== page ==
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It always starts out simple: It’s been two months since the breakup. You’re still trying to move past the pain, and figure out a way to at least salvage the friendship in time. All of a sudden, you receive a text from him saying that he’s at your door. He has things to tell you. He says he wants to get back together with you again.
A 2013 study, published in the Journal of Adolescent Research, revealed that 44 per cent of young adults aged 17 to 24 had broken up and then reconciled with a former lover in the past two years. There are many theories as to why people attempt to rekindle old flames. Maybe the reason for the breakup was unclear. Or maybe there are constraints like the both of you already living together. Or sometimes, people just crave what they don’t have – your ex may only start to want you when they think you don’t want them.
You might be compelled to say yes, and give things a second chance. There’s an itch to return to something familiar. But you broke up the first time for a reason. Naturally, common sense will tell you that getting back together again would be a bad idea. Now science can confirm what common sense has been telling you too.
Cyclical relationships are “passion pitfalls”
Films and television shows often portray getting back together as something romantic. If there’s that slim chance that you could be like Ross and Rachel from Friends, why not go for it right? However, a study conducted at Kansas State University found that attempting to rekindle romance with an ex often extinguishes happiness, and leads to disaster.
Amber Vennum, the author of the study and assistant professor of Family Studies and Human Services at Kansas State University, refers to relationships where a couple that breaks up and then gets back together as “cyclical relationships” – coined from “recycling” a relationship.
After breaking up once before, there would naturally be underlying doubts about the relationship when getting back together again. Is this really a good idea? Will this work out? These insecurities might lead you to fumble more in the revived relationship, and maybe even try to overcompensate in order to “fix” things.
For the study, Vennum analysed data from couples in cyclical relationships, as well as couples in non-cyclical relationships. The findings showed that couples in cyclical relationships tend to demonstrate more impulsive behaviour (such as rushing to move in together or to have a child together) in their relationships than those not in a cyclical relationship.
“Cyclical partners tend to report less conscious decision-making in their relationships. There’s more ‘sliding’, the term we use for moving through relationship transitions without fully considering the implications,” says Vennum. “They are more uncertain about the status of the relationship.”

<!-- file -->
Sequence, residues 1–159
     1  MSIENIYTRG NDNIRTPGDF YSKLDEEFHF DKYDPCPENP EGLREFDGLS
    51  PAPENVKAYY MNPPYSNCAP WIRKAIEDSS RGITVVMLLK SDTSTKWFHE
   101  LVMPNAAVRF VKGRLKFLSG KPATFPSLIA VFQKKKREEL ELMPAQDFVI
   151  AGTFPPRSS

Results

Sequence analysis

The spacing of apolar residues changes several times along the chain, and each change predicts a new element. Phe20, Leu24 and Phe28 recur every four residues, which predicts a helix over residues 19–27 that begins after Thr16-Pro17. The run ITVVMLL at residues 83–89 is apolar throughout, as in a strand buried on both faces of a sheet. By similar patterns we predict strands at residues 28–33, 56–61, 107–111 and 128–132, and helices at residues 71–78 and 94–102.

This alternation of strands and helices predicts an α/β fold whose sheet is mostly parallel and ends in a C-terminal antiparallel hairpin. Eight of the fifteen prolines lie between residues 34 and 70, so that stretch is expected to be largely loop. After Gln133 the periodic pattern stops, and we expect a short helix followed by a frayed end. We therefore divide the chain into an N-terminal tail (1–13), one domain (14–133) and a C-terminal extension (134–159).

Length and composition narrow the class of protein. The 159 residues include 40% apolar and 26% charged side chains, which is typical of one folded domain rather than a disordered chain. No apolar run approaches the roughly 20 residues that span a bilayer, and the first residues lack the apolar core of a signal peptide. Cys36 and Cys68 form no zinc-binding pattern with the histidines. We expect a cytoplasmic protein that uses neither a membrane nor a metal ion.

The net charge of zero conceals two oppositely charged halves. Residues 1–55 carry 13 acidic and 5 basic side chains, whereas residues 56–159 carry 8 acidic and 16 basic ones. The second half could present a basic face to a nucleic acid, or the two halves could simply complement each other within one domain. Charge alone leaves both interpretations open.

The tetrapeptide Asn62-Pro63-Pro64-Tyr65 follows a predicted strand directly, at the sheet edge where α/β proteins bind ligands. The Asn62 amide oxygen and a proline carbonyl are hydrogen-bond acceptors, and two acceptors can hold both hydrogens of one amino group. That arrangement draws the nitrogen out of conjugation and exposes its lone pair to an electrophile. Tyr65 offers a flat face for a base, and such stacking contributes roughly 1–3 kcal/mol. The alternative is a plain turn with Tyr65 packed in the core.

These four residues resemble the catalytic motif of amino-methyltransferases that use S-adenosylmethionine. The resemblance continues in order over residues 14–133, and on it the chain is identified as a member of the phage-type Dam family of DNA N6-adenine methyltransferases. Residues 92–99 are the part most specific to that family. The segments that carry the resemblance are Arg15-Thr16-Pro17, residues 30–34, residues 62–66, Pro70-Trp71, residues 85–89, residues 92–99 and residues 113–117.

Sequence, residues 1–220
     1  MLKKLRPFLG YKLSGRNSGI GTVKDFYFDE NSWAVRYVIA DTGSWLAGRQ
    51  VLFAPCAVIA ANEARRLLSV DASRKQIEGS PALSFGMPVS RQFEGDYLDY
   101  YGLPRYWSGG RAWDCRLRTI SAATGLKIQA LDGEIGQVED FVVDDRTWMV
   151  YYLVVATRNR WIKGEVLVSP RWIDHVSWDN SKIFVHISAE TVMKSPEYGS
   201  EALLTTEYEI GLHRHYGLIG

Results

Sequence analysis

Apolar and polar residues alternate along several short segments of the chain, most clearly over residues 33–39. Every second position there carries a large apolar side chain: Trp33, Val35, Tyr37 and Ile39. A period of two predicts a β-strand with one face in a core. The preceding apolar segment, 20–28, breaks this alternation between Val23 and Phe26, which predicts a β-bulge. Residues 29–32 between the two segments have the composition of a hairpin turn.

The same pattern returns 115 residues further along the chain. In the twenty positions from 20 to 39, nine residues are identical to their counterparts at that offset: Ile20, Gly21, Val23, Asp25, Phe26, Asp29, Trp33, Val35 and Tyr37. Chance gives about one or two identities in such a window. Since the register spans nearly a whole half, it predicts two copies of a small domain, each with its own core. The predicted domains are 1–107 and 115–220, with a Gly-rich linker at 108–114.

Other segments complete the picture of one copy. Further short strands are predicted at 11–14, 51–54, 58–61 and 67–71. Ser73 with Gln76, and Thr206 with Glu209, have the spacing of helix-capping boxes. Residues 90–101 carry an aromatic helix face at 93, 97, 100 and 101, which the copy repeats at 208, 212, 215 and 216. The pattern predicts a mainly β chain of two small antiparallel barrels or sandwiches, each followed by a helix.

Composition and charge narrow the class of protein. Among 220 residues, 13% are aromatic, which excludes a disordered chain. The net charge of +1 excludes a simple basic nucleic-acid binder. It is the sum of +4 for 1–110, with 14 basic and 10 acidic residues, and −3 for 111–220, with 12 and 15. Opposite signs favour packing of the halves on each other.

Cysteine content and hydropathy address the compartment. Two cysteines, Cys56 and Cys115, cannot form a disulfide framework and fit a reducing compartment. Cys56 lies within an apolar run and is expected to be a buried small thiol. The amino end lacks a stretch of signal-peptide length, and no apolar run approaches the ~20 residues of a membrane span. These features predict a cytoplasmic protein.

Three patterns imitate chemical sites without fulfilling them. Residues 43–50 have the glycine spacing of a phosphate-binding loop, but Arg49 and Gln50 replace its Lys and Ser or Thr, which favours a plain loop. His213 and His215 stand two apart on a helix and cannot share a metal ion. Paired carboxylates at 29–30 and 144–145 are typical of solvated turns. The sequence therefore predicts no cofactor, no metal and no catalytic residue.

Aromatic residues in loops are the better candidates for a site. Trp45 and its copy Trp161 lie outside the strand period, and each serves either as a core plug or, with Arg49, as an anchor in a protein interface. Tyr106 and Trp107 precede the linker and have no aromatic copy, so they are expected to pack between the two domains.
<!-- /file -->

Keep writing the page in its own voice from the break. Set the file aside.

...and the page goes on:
Reuniting with an ex feels terrible
It’s not just the impulsive relationship decisions either. Reuniting with an ex feels awful. You may get back together with your ex because you believe that they’ve changed for the better, or maybe communication has just improved somehow. But results indicate that such idealistic outcomes are nary the case.
Additional findings from the study showed that couples in cyclical relationships tend to be less satisfied with their partner, had worse communication, lower self-esteem, and a higher uncertainty about their future together.
According to Vennum, “The idea is that because people aren’t making explicit commitments to the relationship, they are less likely to engage in pro-relationship behaviors, such as discussing the state of the relationship or making sacrifices for their partner. The thought is that, ‘I’m not committed to you, why would I work very hard for you?'”
Marriage doesn’t help either
The study also observed the effect of cyclical relationships on marriages. For couples in cyclical relationships looking to get married, the relationship quality was headed for a downward spiral.
Putting aside the uncertainty of whether or not to get married in the first place, the study found that couples in cyclical relationships begin their marriages with less satisfaction and more conflict than couples in non-cyclical relationships. Furthermore, the dissatisfaction between the newlyweds will only continue to increase, and separation will likely occur within the first three years.
The bottom line is this: Love is fleeting. If it’s not meant to be, it’s not meant to be. Whether you simply miss your partner or are unsure why things didn’t pan out, don’t go back to an ex hoping things will work out a second time. Save yourself the heartache. Recycling may be good for the environment, but it sure isn’t recommended for relationships.
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